Back in July I wrote a post called “Why Trump v. Vance really matters.” In it, the U.S. Supreme Court decided that Donald Trump’s tax records could be subpoenaed by a grand jury in Manhattan. The 7-2 decision (which included Chief Justice Roberts and Trump appointees Brett Kavanaugh and Neil Gorsuch) was significant because it held that no one, not even the chief executive of the country, was above the law.
On October 3, the Michigan Supreme Court decided that Gov. Gretchen Whitmer (who is a Democrat) had violated the state’s constitution by continuing to renew the declarations of a state of emergency, even after the state legislature (which is controlled by Republicans) had refused to legitimize them by approving the extensions. The Court held that, under the various constitutional and legislative acts Whitmer was using to justify her actions, the legislature did, in fact, need to weigh in, and she was not authorized to continue to re-up the declarations on her own authority.
Like the Trump v. Vance decision, it would be naïve to think that this decision wasn’t influenced by partisanship. The decision was 4-3 against the governor, the four justices who voted in the majority are all Republican nominees, and the three who dissented are all Democratic nominees. (Michigan’s Supreme Court is elected on the non-partisan portion of the ballot, but the justices themselves are nominated by political parties.)
Ultimately, though, I think the court made the correct call here, regardless of any partisanship. I confess I was uncomfortable with the idea that one person could continue to make unilateral decisions that affect millions of people in the state. Even though I voted for Whitmer and continue to support the goals and ideals she has expressed, to allow one person to have that kind of power starts to lean toward authoritarianism. Regardless of whether Whitmer’s decisions were in the best interest of the people of Michigan and whether the Republicans are withholding their support just to score political points with voters, the executive and the legislature must work together to pass laws and solve problems.
Is that likely to happen? Eh, probably not. But if certain issues start to cause serious push-back against the Republicans’ contrarianism (such as the extension of unemployment benefits from 20 to 26 weeks, now wiped out by the Supreme Court decision), perhaps it will push them to the table to negotiate with the governor – which is how the system ought to work.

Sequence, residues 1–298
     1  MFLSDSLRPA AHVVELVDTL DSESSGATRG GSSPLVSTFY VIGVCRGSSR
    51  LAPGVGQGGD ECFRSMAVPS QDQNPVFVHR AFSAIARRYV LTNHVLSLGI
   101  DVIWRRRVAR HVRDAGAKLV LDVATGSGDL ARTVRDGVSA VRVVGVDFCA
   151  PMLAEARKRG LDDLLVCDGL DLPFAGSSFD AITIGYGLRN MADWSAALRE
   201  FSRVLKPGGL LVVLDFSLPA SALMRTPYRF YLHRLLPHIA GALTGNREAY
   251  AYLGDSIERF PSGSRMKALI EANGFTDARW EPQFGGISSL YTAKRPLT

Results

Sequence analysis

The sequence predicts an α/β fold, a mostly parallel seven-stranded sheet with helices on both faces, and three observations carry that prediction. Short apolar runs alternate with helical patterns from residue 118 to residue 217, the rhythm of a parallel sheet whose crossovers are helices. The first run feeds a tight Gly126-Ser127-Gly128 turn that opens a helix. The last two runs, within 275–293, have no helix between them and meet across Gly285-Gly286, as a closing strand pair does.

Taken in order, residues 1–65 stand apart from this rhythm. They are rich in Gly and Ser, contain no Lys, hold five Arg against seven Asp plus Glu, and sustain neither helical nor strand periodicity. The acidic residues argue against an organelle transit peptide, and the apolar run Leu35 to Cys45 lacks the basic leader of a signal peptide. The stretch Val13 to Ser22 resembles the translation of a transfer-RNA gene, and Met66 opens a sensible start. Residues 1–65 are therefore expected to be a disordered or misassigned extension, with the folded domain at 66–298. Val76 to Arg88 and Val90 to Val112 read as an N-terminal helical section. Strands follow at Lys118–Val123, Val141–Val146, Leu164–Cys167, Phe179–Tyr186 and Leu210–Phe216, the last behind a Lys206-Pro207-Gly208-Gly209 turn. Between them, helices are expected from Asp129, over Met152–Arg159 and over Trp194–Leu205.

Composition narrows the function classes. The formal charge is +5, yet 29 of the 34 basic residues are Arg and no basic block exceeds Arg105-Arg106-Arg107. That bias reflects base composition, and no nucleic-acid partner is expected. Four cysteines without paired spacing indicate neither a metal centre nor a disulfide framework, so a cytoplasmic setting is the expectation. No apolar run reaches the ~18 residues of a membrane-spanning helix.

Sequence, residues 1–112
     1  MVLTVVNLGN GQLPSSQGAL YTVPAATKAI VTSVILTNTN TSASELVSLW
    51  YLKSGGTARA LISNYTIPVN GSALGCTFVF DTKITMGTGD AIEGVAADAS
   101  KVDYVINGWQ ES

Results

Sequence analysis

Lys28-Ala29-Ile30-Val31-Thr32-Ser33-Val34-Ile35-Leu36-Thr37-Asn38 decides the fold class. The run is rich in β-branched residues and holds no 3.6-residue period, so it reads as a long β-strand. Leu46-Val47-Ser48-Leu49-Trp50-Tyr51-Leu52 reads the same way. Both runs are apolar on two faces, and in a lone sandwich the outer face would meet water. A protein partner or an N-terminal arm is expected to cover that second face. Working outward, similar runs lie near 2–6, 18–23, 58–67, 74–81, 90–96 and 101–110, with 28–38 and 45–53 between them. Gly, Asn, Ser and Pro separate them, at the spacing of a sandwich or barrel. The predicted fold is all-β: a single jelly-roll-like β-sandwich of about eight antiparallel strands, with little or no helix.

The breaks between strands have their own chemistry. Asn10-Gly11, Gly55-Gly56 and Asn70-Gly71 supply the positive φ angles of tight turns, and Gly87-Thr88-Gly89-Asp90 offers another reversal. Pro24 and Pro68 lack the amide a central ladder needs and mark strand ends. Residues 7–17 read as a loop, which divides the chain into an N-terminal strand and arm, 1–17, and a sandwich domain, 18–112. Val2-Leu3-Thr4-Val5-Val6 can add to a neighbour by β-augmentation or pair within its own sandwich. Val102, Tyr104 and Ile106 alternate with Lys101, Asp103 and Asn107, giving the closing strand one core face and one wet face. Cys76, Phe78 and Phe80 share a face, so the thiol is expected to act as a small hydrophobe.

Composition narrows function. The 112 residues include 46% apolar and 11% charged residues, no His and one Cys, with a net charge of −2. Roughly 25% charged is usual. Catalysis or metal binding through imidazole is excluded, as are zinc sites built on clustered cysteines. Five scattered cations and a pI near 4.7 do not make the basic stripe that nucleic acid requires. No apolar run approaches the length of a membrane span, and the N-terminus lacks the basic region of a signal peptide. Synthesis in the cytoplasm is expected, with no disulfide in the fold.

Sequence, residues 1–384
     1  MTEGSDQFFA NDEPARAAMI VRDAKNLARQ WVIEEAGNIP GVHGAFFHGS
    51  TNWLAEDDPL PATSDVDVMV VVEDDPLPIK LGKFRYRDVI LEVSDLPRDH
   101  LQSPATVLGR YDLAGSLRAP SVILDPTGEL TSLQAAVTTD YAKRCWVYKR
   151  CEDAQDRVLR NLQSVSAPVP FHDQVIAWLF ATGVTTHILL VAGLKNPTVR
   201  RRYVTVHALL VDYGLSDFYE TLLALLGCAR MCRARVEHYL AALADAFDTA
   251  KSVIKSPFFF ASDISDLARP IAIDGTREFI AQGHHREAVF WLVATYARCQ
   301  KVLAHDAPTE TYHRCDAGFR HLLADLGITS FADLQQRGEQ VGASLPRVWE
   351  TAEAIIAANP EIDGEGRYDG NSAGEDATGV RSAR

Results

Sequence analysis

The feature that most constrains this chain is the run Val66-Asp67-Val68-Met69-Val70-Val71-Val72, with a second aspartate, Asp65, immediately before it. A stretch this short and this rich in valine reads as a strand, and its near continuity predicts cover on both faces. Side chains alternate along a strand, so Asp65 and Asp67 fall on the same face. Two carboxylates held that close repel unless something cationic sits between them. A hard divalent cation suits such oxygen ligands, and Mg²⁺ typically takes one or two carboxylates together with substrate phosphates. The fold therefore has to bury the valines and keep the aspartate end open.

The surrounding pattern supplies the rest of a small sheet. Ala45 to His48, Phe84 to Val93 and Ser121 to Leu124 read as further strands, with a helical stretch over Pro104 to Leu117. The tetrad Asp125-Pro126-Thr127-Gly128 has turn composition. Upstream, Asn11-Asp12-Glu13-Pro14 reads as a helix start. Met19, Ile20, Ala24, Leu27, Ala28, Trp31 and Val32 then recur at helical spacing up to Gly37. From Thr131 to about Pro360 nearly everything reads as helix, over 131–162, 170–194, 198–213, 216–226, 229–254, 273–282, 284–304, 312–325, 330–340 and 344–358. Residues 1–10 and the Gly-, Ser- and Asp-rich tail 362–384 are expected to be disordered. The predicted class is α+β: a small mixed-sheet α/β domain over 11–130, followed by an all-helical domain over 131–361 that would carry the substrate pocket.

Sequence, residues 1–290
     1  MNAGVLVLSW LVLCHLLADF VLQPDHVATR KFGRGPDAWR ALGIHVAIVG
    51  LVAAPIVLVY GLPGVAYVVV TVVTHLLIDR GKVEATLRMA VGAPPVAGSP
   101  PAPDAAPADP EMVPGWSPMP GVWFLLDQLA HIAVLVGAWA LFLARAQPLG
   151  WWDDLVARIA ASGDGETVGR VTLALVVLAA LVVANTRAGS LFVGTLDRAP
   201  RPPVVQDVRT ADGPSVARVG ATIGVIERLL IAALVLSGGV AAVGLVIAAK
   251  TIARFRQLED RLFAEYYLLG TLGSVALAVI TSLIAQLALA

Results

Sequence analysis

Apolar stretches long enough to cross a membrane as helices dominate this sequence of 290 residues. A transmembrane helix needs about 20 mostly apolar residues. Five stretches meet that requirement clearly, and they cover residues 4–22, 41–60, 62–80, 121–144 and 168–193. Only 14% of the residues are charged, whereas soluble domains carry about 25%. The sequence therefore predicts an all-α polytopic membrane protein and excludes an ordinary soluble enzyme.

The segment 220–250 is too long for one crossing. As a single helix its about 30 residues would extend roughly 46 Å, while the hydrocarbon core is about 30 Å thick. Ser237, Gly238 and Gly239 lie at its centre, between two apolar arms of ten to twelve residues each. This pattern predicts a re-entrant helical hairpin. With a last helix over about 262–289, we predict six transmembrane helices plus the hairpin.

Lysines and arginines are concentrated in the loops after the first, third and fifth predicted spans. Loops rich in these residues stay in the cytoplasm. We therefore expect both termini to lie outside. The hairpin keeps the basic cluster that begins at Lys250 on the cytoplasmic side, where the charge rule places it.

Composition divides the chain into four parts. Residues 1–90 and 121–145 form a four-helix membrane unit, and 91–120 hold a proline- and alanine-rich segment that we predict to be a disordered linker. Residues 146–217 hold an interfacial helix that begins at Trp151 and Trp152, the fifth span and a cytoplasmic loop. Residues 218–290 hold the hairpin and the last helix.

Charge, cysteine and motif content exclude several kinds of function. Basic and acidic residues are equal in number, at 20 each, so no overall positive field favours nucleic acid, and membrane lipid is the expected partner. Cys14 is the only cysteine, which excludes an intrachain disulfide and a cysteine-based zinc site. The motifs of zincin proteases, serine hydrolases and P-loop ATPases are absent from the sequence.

Also, it’s a bit hypocritical to decry Trump’s authoritarian and autocratic tendencies, which if left unchecked could lead the country toward a form of dictatorship, while ignoring when something similar is done at the state level. I know, Whitmer was doing what was best for the health and safety of Michiganders, right? Unfortunately, whoever is in control of the executive office gets to decide that and I don’t think I’m comfortable with the precedent that governors (or presidents) can just issue executive orders because – in their wisdom – it’s the “best thing to do.” As we’ve seen with Trump, it’s often the “best thing to do” for him, his family, and his supporters, not the rest of us.
A popular sticker, especially on pickup trucks, reads “God, Guts, and Guns Made America Great.” Certainly we needed guts to take on the British when we declared our independence and there were plenty of guns involved. To defend that freedom we’ve been involved in other conflicts where again, guts and guns were required. Human history is full of bloody wars and confrontations. The thing that sets the United States apart has been our dedication to the rule of law, however, and that those laws are created by us through our representatives, not handed down from a monarch or a similarly imperial president. If we want the U.S. (and the state of Michigan) to thrive, we the people will need to let our representatives know that we expect them to work together to solve problems, not cause more of them with their petty partisan games.